I’m feeling quite pleased with myself having pared back this year’s list to twenty books, a first for me, although I’ll have to guard against more sneaking in as I look back over 2023. As usual, I’m planning four posts, one per quarter, beginning with a remarkable piece of writing which got my reading year off to a brilliant start.
The pitch for Dawn Raffel’s Boundless as the Sky was such an intriguing one, I couldn’t resist although I wasn’t at all sure it would work for me. I’m usually more circumspect about accepting books for review published by small presses such as Sagging Meniscus Press, the book’s wonderfully named publishers, mindful of wasting their time and resources. The first part, billed as Raffel’s response to Italo Calvino’s Invisible Cities, is made up of a series of fragments, some telling a brief story, others describing cities – some fantastical, others real. The second tells the story of one afternoon at Chicago’s A Century of Progress exhibition, all eyes trained on the sky for the ‘air armada’, a company of twenty-four planes led by Italo Balbo, commander of the Italian Air Force, on July 7th, 1933, sent from Rome by Mussolini. Raffel’s writing is gorgeously poetic, singing off the page in its lyricism. Not one for fans of linear narrative, but I loved it.
Sarah May’s chunky Becky, her twenty-first century take on William Thackeray’s Vanity Fair, got me through some dark chilly January evenings with its story of a young woman who works her way up the tabloid press ladder, determined to get to the top whatever the cost to herself and others. Her Becky follows a similar trajectory to Thackeray’s, although she tells us her own story making it all the more immediate, threading her backstory through the adult Becky’s career, small details drip fed to us helping to explain how she has come to be so ruthlessly ambitious. It’s all deftly done, the grubbiness of tabloid journalism laid bare. Such is May’s skill, that despite Becky’s appalling behaviour, I still felt some sympathy for her.
February was once my most hated month but since discovering a heronry on one of my regular walks, I look forward to spotting nest repairs in the first few weeks knowing that I’ll see parents feeding their chicks soon.
As for reading, two of February’s books hit the spot beginning with Victoria MacKenzie’s, For Thy Great Pain Have Mercy on My Little Pain, one of those books I suspect I wouldn’t have read if I hadn’t been sent it. MacKenzie’s debut reimagines the lives of Julian of Norwich and Margery Kempe, alternating the stories of these two very different women told through their own voices in simple but often beautiful language. I found this a riveting piece of fiction, a celebration of the resilience and determination of women. Extraordinarily ambitious for a first novel but MacKenzie carries it off so well I included it on my Women’s Prize for Fiction wish list. Proof that stepping outside your comfort zone often reaps rewards.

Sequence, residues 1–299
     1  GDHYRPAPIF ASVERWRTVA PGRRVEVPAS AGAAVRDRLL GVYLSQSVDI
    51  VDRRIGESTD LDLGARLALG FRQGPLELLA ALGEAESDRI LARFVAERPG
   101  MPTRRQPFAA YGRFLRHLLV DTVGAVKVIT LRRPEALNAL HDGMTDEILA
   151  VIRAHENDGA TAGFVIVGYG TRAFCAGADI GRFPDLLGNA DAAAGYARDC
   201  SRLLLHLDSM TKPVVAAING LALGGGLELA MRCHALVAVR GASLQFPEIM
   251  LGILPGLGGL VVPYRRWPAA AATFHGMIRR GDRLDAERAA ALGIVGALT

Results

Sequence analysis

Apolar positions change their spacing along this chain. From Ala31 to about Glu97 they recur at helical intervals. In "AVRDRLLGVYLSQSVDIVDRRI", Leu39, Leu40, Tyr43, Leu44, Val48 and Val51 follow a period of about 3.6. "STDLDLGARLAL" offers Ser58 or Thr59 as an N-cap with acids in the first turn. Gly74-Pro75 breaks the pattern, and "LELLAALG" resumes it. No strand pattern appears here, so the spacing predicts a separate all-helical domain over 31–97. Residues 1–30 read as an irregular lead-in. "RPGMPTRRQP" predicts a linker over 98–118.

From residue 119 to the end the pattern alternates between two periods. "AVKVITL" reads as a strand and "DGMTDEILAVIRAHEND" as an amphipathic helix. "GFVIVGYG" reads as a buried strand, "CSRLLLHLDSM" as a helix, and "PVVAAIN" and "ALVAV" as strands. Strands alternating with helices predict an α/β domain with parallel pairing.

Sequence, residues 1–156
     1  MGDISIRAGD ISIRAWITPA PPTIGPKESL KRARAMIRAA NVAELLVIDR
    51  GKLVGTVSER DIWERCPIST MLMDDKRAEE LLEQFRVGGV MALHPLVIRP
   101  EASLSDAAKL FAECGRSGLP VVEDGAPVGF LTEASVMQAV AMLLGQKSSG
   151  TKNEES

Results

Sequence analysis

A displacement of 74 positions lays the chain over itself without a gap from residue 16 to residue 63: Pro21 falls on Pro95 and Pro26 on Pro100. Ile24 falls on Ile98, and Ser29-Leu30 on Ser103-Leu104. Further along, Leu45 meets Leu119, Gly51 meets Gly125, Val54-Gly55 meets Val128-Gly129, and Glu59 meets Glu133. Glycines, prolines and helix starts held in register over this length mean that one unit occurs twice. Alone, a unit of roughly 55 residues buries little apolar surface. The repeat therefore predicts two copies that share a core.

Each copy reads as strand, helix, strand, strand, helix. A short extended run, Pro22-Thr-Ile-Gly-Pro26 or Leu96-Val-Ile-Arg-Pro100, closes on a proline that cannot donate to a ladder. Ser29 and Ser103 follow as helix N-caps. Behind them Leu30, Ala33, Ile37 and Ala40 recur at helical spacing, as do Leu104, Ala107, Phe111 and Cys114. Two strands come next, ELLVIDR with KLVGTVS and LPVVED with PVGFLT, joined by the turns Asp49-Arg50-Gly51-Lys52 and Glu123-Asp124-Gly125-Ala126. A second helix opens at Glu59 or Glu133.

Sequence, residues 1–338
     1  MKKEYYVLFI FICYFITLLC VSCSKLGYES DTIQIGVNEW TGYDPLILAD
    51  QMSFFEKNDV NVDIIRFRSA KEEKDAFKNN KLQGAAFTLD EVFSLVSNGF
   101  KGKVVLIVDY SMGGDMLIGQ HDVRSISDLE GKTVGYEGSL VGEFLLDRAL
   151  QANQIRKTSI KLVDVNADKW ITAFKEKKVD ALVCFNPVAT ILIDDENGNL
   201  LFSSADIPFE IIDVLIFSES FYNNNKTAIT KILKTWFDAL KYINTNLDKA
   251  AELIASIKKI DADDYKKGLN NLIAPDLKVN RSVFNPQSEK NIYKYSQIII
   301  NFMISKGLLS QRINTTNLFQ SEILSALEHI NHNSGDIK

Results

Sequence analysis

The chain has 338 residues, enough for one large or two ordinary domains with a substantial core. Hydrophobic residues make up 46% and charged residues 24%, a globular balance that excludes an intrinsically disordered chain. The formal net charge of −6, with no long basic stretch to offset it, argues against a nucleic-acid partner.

Which could also be said of February’s second book, Douglas Bruton’s brief novella, With or Without Angels described by the blurb as ‘a response through fiction’ to ‘The New World’ an artwork by the late artist Alan Smith, itself a response to the eighteenth-century artist Giandomenico Tiepolo’s ‘Il Mondo Nuovo’. Bruton structures his novel around Smith’s response which takes the form of eleven pictures, beginning with the artist and his wife, each one reproduced at the end of a brief chapter of narrative that explores many themes, not least love and creativity. Such an impressive piece of fiction: thoughtful, imaginative, erudite, and beautifully written. Published by Fairlight Books, a small indie, it’s the kind of book that often slips through the review cracks.
We’re into March when spring is most definitely on my horizon, with thoughts turning to holidays and days out, but not just yet. Only one book on the list for the month, but it’s an extraordinarily good one. Sebastian Barry’s Old God’s Time follows a recently retired police officer whose ex-boss has been told to reopen a cold case which involved two priests, both child sex abusers, one of whom had been brutally murdered while the other was moved on to another parish. Tom’s narrative reflects a confusion which may be memory loss or the aftereffects of trauma, slowly unfolding a story the details of which he has been hiding from himself for thirty years. There’s a beauty in Barry’s telling of this desperately sad story which makes its ugliness all the more stark. I was delighted to see his novel on the Booker longlist although disappointed not to see it make the shortlist.
Spring’s favourites shortly and, after a decidedly melancholy end to my reading winter, there’s a rollicking good read in the frame for April which took me back to my bookselling days.